They came to celebrate a day in history when people proclaimed that their struggle for equality would not go unnoticed. But as thousands gathered on the National Mall Wednesday to mark the 50th anniversary of the March on Washington and Martin Luther King Jr.’s famous “I Have a Dream” speech, the mood was more pensive than celebratory — marked by a feeling that King’s dream, for all the country’s progress, is yet to be realized.
For many like Ruby Reese Moone, it was full circle after coming to Washington on Aug. 28, 50 years earlier. In 1963, she and her husband were working in Georgia to register people for the march, and decided to move to Washington two weeks before the big day.
“We came up to D.C., got jobs, and decided to stay,” Moone said.
Despite all the progress on racial equality since then, Moone said, the spirit of Wednesday’s march was much like what she remembers of 1963.
“It’s almost like we’re here for the same purpose,” Moone said. “People are still talking about the need for jobs, the need for freedom and justice.
Though the threat of Jim Crow and blatant legal discrimination are now distant memories, a continuing struggle for economic equality was a common theme among the day’s speakers, who included members of Congress and union and civil rights leaders.
“We come today not only to celebrate,” said Rev. Al Sharpton, whose speech roused the largely quiet crowd. “We come today as the children of Dr. King to say we’re going to fight Jim Crow’s children.”
With that same idea in mind, Moone brought her grandchildren to the march hoping they’d be moved to push for justice throughout their lives.
“I hope today will have the same impact on them that it had on me in ’63,” said Moone, who served on the national board of the Southern Christian Leadership Conference, which King helped found. “I hope they grow up fighting and pushing for civil rights and justice.”
Tina Long, 50, brought her adult two children, Ki’Eran and Tre’shon McKinnie.
“It’s important for people to remember what happened here 50 years ago,” Long said. “We get an opportunity to relive that today.”
Ki’Eran, 23, said the day serves as a good reminder to young people of the nation’s struggles.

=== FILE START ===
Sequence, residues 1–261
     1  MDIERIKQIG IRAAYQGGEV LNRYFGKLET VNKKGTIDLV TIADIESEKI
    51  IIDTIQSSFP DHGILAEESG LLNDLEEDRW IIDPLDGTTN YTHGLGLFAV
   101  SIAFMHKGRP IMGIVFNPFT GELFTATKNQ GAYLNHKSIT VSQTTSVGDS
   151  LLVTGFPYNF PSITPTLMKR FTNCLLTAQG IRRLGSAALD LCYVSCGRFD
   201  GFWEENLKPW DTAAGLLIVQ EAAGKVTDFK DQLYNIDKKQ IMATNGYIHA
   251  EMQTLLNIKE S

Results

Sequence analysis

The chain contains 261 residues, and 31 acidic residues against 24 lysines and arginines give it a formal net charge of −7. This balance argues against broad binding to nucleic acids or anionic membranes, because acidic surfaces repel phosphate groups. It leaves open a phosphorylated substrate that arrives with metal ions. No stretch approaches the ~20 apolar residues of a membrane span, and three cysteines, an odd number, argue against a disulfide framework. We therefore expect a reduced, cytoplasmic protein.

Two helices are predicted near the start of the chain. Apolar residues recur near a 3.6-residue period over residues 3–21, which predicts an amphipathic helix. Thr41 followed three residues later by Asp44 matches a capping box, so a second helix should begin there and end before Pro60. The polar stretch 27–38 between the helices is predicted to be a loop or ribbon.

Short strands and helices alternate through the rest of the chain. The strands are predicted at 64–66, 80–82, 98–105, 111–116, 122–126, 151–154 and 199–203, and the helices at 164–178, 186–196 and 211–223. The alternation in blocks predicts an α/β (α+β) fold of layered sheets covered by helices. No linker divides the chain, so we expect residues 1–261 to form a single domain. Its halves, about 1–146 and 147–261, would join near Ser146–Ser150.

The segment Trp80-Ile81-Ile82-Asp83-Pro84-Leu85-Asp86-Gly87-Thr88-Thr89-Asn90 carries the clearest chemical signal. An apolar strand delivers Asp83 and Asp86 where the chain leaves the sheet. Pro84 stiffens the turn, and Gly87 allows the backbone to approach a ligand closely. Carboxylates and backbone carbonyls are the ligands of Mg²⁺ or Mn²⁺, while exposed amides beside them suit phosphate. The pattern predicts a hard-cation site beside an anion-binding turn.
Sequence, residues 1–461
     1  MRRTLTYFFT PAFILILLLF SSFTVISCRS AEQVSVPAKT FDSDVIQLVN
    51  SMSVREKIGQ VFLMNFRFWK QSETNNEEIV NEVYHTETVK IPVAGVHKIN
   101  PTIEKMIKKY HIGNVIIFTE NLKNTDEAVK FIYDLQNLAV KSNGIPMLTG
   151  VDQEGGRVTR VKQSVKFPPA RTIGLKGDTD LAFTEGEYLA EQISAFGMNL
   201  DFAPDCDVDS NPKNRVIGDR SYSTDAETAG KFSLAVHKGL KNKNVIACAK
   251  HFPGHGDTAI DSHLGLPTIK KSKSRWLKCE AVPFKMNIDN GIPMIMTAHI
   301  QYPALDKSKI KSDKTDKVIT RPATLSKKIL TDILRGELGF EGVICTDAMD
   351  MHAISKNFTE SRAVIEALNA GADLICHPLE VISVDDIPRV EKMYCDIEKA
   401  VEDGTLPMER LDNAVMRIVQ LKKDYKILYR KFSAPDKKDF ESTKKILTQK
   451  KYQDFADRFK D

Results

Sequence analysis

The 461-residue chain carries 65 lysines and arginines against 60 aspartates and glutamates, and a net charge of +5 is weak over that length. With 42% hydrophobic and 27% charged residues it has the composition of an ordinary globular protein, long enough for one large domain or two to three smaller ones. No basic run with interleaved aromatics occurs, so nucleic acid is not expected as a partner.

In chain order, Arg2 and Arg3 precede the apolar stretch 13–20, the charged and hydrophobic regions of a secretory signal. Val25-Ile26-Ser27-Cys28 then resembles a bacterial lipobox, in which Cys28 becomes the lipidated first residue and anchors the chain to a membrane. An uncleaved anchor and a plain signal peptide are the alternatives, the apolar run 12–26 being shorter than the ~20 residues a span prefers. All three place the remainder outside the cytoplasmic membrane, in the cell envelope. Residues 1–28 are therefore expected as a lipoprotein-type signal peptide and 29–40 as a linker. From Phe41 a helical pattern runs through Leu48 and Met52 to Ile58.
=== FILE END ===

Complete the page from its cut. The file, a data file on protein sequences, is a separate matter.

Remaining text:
“I think we’ve gotten comfortable and don’t always realize what our ancestors went through,” McKinnie said. “It’s like we’re living a fairy tale.”
Benton Thompson IV, a 13-year-old from Atlanta who participated in the week’s Youth Summit, which brought together children from across the country to learn about young people’s involvement in the civil rights movement, came Wednesday with his father.
“I’m here to learn,” Thompson said. “Young people should know what’s going on — when we speak, adults listen.”
Georgia Democratic Rep. John Lewis, who in 1963 was the youngest to speak at the march, sought to remind people how far the country has come.
“Sometimes I hear people saying ‘nothing has changed,’” Lewis said in his remarks. “But for someone who grew up the way I grew up in the cotton fields of Alabama to now be serving in the United States Congress, makes me want to tell them ‘come and walk in my shoes.’”
Lewis spoke of his days as an activist with the Freedom Riders, recalling that he and others were beaten and jailed in their attempts to desegregate the south. The crowd was nearly silent during Lewis’ speech, as his voice bounced off the walls of the Lincoln Memorial.
But for Martin McAdoo, 69, the real star of the day’s events was President Barack Obama. McAdoo and his wife traveled up from Greensboro, N.C., on Tuesday night and hit the mall at 8:30 a.m., Wednesday so they could hear the president, who didn’t take the stage until 3 o’clock.
McAdoo attended the march in 1963 but said he didn’t realize the historical impact of the event until much later. He hoped Wednesday’s event would make a more immediate impression.
“Sometimes things fall through the cracks when people don’t stay vigilant,” McAdoo said. “Hopefully this will renew everyone’s belief in the importance of what’s going on.”